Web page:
The Days Of Yesteryear

In the early days of public education, there were no books, pencils, or paper.

There were no holidays, vacation days or snow days.

There was no breakfast or lunch provided, no snacks sold at recess.

In the early days of public education, children were sent to school and expected to learn whatever lesson was taught that day.

If more than one child in the family was in school, the siblings were in class together, each learning to read, write and cypher at their own pace, helping each other succeed educationally and ultimately helping their parents learn what they were learning in school. Students moved through the curriculum at their own pace and graduated when they demonstrated mastery knowledge of the information presented.

In the early years of public education children were expected to complete their home chores, go to school, come home, do their homework, do their evening chores, eat dinner, and go to bed.

There were schedules, there was a time for when things had to be done and that time was not flexible. If you were not on time you were late and there were consequences. If you were not prepared for the work that must be done, there were consequences. If you didn’t pay attention, if you misbehaved, if you were disrespectful to others, there were consequences.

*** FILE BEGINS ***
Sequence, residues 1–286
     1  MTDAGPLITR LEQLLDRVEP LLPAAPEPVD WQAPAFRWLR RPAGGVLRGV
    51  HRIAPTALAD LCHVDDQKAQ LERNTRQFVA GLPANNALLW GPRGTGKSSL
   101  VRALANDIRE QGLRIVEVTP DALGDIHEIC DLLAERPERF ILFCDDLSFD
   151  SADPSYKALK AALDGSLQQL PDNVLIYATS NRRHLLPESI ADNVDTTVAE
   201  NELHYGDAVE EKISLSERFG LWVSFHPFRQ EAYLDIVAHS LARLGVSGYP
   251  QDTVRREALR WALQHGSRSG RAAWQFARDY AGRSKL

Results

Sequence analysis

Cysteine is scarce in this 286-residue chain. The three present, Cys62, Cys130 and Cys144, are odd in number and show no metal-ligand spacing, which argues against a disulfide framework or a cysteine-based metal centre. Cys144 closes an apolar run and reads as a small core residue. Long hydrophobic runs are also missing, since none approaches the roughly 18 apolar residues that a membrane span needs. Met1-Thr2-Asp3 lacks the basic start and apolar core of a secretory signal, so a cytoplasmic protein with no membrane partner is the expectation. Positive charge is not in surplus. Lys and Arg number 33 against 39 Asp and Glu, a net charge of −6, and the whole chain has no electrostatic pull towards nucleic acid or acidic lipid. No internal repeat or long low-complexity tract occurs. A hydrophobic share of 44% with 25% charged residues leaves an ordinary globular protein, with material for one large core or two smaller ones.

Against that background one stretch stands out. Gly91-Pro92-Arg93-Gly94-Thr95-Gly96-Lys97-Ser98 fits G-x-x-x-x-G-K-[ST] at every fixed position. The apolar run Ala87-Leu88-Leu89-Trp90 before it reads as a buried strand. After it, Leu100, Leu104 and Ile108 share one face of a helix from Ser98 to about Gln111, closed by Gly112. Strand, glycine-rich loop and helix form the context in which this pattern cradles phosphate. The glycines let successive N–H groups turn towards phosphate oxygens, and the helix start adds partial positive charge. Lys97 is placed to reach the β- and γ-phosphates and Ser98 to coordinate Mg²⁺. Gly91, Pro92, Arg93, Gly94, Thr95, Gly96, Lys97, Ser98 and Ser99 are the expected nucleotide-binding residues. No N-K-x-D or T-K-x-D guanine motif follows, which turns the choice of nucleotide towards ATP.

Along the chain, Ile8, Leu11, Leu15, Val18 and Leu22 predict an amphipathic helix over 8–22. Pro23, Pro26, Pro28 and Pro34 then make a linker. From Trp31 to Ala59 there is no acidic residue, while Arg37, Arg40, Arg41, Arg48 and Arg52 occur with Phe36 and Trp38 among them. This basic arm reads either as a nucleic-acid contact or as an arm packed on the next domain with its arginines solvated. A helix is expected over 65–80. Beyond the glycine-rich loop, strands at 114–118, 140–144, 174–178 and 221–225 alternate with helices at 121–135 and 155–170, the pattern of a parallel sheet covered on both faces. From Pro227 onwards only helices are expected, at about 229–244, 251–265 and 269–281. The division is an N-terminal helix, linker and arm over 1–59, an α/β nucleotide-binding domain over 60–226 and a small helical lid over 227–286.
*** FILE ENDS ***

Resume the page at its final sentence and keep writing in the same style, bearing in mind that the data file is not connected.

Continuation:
In the early days of public education, teachers lived in the houses of the children they taught.

Communities hired a teacher and that teacher knew the families of each student personally. The community respected the teacher as someone who had authority, knowledge, and integrity. Parents worked with the teacher to make sure their child was doing the work and was respectful, they supported the teacher’s efforts to educate their child.

Everything changes with time. Some things become outdated, some things improve, it is rare that a system can get continually worse and still survive.

Public education is devolving. It is dehumanizing our children.

What worked in the past is no longer available for use today.

Our children deserve an “old school” education.

Join the Movement to Save Our Children!

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